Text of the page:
The Kenai city government will be undertaking two paving and construction projects, and one unpaving project.
VIP Drive, a road on the south bank of the Kenai River that intersects with Kalifornsky Beach Road, will receive pavement from the city this summer. Kenai Capital Projects Director Sean Wedemeyer said that a contract has not yet been awarded for the paving job, but Wedemeyer said the project should be completed in August.
Kenai’s Magic Avenue, which runs in two disconnected segments — one past Walmart and the Kenai city vehicle maintenance building, and the other parallel to the north side of the Kenai Spur Highway — will be paved and extended. Wedemeyer said that a new segment of the road will be built to provide better access to the city shop and nearby Daubenspeck municipal park.
“If you were driving down Marathon Road and you pass Walmart on the left, right before you get to the (Daubenspeck Park) pond, (the road) just kind of dead-ends… So it’s going to extend down there, then make a turn to the left to connect with the existing (area) now plotted as Daubenspeck Circle — that’s the road that’s in front of Beacon and is also serving as the driveway to the new Kenai vehicle maintenance facility. This road will replace that driveway as the main access to those properties.”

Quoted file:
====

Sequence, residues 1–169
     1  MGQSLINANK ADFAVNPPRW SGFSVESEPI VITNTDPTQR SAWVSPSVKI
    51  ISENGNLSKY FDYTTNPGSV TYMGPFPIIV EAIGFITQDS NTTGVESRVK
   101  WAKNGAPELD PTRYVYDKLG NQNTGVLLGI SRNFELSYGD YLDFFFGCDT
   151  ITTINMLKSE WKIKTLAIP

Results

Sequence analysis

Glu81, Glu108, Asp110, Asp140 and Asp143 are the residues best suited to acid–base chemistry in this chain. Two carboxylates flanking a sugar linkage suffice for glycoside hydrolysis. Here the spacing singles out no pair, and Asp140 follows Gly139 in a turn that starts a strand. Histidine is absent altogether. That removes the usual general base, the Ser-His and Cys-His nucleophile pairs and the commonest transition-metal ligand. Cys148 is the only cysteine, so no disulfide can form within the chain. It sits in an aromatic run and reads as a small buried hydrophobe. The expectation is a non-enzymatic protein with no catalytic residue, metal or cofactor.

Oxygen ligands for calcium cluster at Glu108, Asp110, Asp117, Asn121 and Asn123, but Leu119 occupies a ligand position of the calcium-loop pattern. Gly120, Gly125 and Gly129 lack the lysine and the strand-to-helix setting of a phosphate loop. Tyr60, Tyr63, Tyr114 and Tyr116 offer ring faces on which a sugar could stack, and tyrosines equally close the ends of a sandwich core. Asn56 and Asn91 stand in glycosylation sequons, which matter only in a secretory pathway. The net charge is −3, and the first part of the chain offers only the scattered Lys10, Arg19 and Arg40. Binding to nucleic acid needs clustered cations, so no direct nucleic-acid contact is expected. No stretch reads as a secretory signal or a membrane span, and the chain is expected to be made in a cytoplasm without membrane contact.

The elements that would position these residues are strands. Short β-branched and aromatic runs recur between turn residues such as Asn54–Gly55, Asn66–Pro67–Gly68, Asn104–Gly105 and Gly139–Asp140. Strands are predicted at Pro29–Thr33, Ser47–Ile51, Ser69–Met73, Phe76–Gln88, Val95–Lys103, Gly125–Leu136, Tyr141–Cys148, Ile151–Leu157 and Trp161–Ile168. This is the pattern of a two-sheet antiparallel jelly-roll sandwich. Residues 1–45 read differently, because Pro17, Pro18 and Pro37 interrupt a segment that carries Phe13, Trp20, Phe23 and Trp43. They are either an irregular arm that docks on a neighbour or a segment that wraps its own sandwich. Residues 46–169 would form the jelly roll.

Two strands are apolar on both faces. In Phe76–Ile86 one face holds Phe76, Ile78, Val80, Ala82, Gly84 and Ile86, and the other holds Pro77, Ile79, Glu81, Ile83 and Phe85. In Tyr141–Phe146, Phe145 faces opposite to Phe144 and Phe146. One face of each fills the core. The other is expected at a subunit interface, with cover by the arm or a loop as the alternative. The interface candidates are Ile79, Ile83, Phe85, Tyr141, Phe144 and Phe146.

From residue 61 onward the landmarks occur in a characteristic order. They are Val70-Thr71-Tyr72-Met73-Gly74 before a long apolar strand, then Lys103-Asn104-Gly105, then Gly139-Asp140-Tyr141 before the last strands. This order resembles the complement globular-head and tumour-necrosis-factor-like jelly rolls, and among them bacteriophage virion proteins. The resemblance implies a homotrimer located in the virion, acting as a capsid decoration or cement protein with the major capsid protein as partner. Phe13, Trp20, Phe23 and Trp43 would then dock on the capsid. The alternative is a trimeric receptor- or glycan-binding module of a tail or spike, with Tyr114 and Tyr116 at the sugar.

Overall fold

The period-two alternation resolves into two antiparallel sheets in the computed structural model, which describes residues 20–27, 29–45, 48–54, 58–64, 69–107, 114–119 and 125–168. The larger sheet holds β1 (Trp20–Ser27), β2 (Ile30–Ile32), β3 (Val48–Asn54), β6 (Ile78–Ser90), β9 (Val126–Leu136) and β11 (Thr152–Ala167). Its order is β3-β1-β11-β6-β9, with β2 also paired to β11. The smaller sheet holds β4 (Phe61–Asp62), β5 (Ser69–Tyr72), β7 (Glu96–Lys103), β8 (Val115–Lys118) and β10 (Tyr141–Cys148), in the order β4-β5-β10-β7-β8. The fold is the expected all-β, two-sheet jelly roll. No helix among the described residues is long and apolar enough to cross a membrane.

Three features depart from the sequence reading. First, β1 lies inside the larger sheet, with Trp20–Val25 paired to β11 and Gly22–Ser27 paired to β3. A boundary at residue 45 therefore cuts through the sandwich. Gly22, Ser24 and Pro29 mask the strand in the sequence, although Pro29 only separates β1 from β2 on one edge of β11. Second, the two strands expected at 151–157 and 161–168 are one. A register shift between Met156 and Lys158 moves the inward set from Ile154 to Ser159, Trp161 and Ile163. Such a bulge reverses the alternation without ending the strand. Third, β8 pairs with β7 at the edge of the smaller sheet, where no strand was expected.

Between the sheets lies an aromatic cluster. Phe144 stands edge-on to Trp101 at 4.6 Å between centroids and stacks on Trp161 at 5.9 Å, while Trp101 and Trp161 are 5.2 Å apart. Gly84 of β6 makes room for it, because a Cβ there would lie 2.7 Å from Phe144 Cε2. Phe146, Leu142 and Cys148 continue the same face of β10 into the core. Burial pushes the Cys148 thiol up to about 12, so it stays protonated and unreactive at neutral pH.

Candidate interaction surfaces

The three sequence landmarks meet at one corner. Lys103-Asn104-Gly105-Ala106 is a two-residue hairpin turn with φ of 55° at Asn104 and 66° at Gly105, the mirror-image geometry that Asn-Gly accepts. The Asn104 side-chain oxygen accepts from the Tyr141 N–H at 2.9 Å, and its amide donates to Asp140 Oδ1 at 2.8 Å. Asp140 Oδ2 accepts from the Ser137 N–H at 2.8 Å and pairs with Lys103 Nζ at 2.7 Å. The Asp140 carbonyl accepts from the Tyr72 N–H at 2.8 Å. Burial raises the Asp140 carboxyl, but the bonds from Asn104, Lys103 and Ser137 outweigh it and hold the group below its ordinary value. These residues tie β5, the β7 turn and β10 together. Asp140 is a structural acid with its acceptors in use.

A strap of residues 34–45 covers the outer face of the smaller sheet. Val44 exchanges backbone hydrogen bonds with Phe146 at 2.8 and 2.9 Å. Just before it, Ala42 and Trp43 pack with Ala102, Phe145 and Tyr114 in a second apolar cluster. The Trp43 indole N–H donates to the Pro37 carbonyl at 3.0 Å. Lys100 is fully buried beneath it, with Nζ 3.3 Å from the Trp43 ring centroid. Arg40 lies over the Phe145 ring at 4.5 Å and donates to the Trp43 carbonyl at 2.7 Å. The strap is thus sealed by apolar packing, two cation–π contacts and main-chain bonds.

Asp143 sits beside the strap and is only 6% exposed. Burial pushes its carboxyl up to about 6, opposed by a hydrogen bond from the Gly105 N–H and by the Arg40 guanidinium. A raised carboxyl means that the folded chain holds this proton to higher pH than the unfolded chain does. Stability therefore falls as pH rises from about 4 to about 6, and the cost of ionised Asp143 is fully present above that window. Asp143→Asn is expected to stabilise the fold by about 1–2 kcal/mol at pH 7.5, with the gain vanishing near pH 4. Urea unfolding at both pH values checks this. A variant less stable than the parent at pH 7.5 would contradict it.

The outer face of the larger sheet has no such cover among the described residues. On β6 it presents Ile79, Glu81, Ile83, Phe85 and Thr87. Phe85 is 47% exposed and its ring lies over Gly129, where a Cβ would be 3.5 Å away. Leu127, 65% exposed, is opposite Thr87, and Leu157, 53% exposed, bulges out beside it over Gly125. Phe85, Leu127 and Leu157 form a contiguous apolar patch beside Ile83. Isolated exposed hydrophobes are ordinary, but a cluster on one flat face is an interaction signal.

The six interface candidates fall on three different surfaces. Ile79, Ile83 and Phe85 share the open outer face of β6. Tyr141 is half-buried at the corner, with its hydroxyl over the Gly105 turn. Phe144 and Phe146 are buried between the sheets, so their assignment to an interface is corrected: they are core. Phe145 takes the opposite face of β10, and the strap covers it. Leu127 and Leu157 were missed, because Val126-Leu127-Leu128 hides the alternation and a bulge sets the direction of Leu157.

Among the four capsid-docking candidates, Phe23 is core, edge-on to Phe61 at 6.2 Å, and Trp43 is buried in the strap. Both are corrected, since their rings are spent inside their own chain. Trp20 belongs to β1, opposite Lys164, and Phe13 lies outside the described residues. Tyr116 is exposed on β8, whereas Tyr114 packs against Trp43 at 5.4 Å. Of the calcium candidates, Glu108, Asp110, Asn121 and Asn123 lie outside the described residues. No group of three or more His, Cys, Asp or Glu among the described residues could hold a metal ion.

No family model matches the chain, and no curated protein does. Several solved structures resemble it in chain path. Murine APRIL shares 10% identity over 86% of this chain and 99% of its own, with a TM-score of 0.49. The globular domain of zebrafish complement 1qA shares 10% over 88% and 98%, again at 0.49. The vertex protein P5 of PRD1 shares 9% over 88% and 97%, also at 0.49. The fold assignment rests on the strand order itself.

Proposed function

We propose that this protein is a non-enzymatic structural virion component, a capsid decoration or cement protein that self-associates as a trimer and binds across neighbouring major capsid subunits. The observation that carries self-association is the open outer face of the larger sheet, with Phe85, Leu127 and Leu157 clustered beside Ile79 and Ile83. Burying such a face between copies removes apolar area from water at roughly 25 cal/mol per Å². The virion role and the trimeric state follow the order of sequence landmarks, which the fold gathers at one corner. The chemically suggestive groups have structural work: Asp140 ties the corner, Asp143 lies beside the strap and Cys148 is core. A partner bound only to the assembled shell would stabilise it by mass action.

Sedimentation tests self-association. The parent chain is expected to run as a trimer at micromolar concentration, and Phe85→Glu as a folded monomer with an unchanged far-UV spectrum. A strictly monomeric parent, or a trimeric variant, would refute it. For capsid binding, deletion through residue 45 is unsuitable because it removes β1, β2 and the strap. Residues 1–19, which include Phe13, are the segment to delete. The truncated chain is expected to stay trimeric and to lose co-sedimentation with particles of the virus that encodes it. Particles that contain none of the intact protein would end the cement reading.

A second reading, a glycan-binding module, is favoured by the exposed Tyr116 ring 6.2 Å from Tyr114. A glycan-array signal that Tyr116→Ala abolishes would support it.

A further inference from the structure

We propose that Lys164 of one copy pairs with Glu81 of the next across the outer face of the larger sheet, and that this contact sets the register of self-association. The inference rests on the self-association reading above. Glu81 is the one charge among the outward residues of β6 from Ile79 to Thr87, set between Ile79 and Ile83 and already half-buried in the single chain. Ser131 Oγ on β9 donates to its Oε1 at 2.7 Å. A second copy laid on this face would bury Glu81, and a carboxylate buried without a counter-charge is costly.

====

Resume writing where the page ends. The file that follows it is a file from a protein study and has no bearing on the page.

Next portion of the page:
A small parking lot at Daubenspeck Park will be paved at the same time. The paving will be finished by August 1, but Wedemeyer said that “more likely, it will be completed in June.”
Wedemeyer said that the currently paved section of Kenai’s Marathon Road will be resurfaced with gravel and pulverized asphalt in order to make it more resistant to ground shifting caused by seasonal temperature change. A contract for the project was given to Alaska Road Builders in the April 1 Kenai city council meeting.
“It tends to move around a lot, resulting in the cracking of the asphalt,” Wedemeyer said of the current Marathon Road surface. “(The asphalt) degrades quickly — water will get into it and expand when it freezes and crack.”
The degraded asphalt will be stripped and pulverized.
“They (Alaska Road Builders) are going to come in with a grinder, they’re going to grind up all the asphalt, replace it with leveling coarse, and grade and compact it… We haven’t used (this type of road construction) a lot around here, but it’s becoming more and more popular.”
Scheduling of the Marathon Road resurfacing has not been determined.
“That might happen next week,” Wedemeyer said. “Or it will happen no later than August 1.”
On Homer’s East End Road, between mileposts 12.5 and 19.6, the DOT will be continuing a resurfacing project begun last year. McCarthy said that the road’s silty bed was excavated last summer and replaced with gravel, and the project will now completed by replacing the surface of the road.
“They did that subsurface work last year, now they’ll be doing the paving,” McCarthy said.
Reach Ben Boettger at email@example.com.